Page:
History in Structure

Grishipoll House

A Category C Listed Building in Oban South and the Isles, Argyll and Bute

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Latitude: 56.6448 / 56°38'41"N

Longitude: -6.5849 / 6°35'5"W

OS Eastings: 119039

OS Northings: 759733

OS Grid: NM190597

Mapcode National: GBR BC44.SS2

Mapcode Global: WGX9G.T7JV

Plus Code: 9C8MJCV8+W3

Entry Name: Grishipoll House

Listing Name: Grishipoll House, Also Known As the Old White House

Listing Date: 7 February 2008

Category: C

Source: Historic Scotland

Source ID: 399852

Historic Scotland Designation Reference: LB51048

Building Class: Cultural

ID on this website: 200399852

Location: Coll

County: Argyll and Bute

Electoral Ward: Oban South and the Isles

Parish: Coll

Traditional County: Argyllshire

Tagged with: Architectural structure

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1754 (but see Notes). 2-storey and attic, 3-bay, roughly symmetrical, rectangular-plan, gabled laird's house, now roofless, with prominent central gable and stacks. Widely spaced window openings. Central first floor window formerly a door. Random rubble with roughly-squared masonry to quoins and openings; formerly harled. Large crack to full height of S gable; collapsed masonry to base of NW corner.

Draw-bar slot to E entrance doorway. Large gable stacks with slate cornice, slated drip courses and remnants of slated roof to bases. Sandstone skewputts.

INTERIOR: in ruinous condition. Joist holes in walls show position of upper floor. Single large room either side of central staircase still evident from wall finishes. Plain lintelled fireplaces; narrow segmental-arched recess to central wall. Doorways to central gable at first and attic floors.

Statement of Interest

Grishipoll House is a substantial mid 18th century Laird's house in a roofless condition, surviving to wallhead height with evidence of its former grandeur. Grishipoll is a rare surviving example of its type within the region: the RCAHMS Inventory covering Mull, Tiree, Coll and Northern Argyll (Argyll, Volume 3) identifies only 9 other 18th century houses in the area (in various states of repair), of which only a small handfull are directly comparable. It is also the only building of this scale and importance to survive on Coll, other than the two Breachacha Castles (see separate listings). The prominent central gable is an unusual feature in buildings of this type and the three gables with broad stacks create a striking silhouette. Evidence of the first floor doorway is an unusual survival (see below) and the draw-bar slot to the main entrance is an interesting defensive detail.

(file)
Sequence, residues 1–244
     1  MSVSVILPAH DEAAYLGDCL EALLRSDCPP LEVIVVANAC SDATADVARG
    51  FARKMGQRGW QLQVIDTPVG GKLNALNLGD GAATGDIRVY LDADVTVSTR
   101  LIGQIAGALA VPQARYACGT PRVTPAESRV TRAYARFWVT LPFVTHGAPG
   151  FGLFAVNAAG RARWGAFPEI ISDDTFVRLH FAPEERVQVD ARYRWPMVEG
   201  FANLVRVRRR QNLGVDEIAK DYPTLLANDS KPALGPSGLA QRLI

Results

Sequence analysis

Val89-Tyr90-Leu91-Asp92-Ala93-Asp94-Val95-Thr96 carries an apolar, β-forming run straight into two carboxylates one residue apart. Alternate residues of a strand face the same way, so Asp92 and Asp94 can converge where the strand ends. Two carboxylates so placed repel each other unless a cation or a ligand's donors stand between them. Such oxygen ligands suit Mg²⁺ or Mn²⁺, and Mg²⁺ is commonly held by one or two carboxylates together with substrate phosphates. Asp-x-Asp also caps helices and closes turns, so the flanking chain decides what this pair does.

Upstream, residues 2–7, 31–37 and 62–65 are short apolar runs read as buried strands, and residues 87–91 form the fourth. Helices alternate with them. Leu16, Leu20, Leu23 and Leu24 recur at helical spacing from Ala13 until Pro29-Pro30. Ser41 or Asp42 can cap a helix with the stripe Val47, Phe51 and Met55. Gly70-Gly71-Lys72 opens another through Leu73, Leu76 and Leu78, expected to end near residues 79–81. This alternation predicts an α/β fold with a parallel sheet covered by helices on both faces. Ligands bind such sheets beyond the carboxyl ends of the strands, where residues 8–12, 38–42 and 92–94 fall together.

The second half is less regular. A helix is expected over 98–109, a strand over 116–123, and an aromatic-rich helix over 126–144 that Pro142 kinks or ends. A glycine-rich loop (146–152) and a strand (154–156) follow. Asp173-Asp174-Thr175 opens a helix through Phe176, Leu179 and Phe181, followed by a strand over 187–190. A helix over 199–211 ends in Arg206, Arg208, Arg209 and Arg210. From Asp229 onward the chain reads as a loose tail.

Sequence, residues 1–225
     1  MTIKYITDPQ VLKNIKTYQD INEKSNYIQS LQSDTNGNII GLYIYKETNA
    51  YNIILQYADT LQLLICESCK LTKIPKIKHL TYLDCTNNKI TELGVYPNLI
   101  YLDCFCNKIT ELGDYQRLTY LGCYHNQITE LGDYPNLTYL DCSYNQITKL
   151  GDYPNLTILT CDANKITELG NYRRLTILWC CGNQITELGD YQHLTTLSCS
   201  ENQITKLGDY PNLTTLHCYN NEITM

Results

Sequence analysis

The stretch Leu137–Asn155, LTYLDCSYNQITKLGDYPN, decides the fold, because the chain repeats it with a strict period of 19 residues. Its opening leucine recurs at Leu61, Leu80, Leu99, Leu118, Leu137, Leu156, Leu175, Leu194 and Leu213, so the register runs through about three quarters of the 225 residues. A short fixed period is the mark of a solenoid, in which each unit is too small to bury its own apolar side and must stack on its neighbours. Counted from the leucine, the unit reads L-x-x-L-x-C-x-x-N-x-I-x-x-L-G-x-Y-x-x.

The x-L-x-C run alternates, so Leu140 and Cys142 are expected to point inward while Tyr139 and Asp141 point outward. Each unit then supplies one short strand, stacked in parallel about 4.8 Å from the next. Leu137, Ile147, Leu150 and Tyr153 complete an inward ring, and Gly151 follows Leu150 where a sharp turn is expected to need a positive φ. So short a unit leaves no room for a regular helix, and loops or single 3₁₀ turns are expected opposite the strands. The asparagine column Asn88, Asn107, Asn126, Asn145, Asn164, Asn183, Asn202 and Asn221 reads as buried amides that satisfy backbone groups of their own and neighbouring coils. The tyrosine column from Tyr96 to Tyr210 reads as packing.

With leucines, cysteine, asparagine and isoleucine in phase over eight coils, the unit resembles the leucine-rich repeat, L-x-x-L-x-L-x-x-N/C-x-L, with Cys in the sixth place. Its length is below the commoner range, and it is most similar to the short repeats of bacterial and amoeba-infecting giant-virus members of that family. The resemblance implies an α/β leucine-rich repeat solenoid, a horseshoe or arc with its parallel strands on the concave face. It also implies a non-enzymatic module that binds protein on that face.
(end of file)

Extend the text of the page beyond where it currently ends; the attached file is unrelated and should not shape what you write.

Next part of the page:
Grishipoll is believed to have been built by Hugh Maclean 14th Laird of Coll at about the time he succeeded his brother in 1754. Johnson and Boswell visited in 1773 when it was lived in by tacksman McSweyn. The building is believed to have been divided into two large rooms on each floor with a timber staircase at the centre, and is said to have housed 8 servants in the attic floor. The window over the front entrance appears to have also originally been a door, and it is suggested in the RCAHMS Inventory that this may have been accessed by a forestair (although evidence for this is inconclusive).

Although the house is usually dated to 1754, there is some evidence that it may actually be earlier. The first floor door is a feature more usually associated with 17th century Laird's houses (giving direct access to the principal rooms, which would have been on the 1st floor), and its existance therefore indicates an earlier date - perhaps early 18th century. The survival of this feature is of particular architectural interest, as very few examples now survive and it contributes to the understanding of the development of this building type. Local tradition says that a datestone of 1737 (now lost but previously on a nearby cottage) originally came from Grishipoll House.

Mackenzie's Map of 1775 shows Grishipoll, then spelt 'Grishabil' as a large settlement to the N of the island; today only Grishipoll House and the adjacent fank cottage survive. The house stands in a picturesque setting close to the SW shore of Grishipoll Bay. The area was one of the more populated area of the island before the establishment of Arinagour Village to the S after the clearances in the early 19th century. By the publication of the 1924 OS map the settlement has vanished.

The building has been in a ruinous condition for many years and survives as an important ruin in the landscape. Graffiti carved to the interior in 1886 illustrates that it has been in this condition since that time. The current owner intends to consolidate the ruin and restore part of it for domestic use (2008).

The drystone wall enclosing large section of land to East of house was built in the 1990s

External Links

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